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Mindfulness at work – a positive mental health strategy

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Spirit the caribou mascot outside sitting down meditating.

I remember the day clearly. It was a snowy Monday morning, and I arrived at work only to learn that the company was being re-structured and the project I was working was cancelled due to budget constraints. Our team was given two weeks’ notice to leave.

As the words fell on my ears, my heart began pounding against my ribcage and my eyes glazed over. As a single immigrant mother of two young boys, things were, shall we say, a bit uncertain.

Fortunately, over the years I had learned some good mindfulness and breathing techniques which I continued to practice daily. I knew that now was a good time to use them to manage my mind and emotions. I went back to my desk, sat down, closed my eyes, and took several deep breaths in and out-my awareness on my breath only.

Those few simple minutes of awareness and slowing down my breath, saved me from a whole range of emotions. Later, it also helped me to see the situation from a more positive perspective.

Mindfulness is a mental state

So what is mindfulness? Very simply, it’s a mental state achieved by focusing one's awareness on the present moment, often accepting and acknowledging one's bodily sensations, thoughts, and feelings. Through mindfulness and breathing techniques, we can actually influence our emotions which often control us.

Emotions and breathing are closely connected

Emma Seppala Ph.D., Science Director at Stanford University, and a workplace wellbeing researcher, explains:

 One of the reasons why breathing can change how we feel is that emotions and breathing are closely connected.”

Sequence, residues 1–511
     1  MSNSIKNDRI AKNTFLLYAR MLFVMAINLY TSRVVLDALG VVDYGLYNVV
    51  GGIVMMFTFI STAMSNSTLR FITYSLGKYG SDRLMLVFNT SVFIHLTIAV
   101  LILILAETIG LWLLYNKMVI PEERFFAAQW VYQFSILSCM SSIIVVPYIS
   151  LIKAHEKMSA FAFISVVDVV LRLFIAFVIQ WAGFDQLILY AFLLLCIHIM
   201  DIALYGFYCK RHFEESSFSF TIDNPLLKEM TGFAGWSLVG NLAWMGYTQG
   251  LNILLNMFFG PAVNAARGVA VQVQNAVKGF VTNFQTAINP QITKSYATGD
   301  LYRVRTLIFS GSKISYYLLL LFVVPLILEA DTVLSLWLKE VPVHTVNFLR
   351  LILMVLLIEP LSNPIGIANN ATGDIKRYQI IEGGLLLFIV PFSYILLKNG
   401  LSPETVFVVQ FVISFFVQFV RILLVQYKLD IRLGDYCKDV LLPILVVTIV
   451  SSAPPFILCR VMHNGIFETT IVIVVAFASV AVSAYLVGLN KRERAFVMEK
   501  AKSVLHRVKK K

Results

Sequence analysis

In her article, Breathing: the little known secret to peace of mind, Seppala discusses a research study by Pierre Phillipot. The study showed, that different emotional states are associated with certain breathing patterns. During the study, when the participants felt anxious or afraid, they breathed more quickly and shallowly, and when they felt happy, they breathed slowly and fully.

Try this simple mindfulness technique

This technique is by far one of the simplest mindfulness practices I know. Try out it the next time you need to manage your mind and emotions.

  • At your desk, sit with your back straight, feet firmly on the ground and your hands on your knees.
  • Close your eyes and bring awareness to your breath. That’s all, just your breath.
  • Notice the pace of your breath.
  • Take a deep breath in through your nose, noticing how it fills your lungs and the temperature and texture as it passes through your nostrils.
  • Hold the breath for a second, before slowly breathing out through your nostrils. Again notice the sensations of the out-breath.
  • Continue to repeat this sequence, for 5 minutes initially.
  • When you feel comfortable, you can increase the length of time to 10, 15 or 20 minutes.

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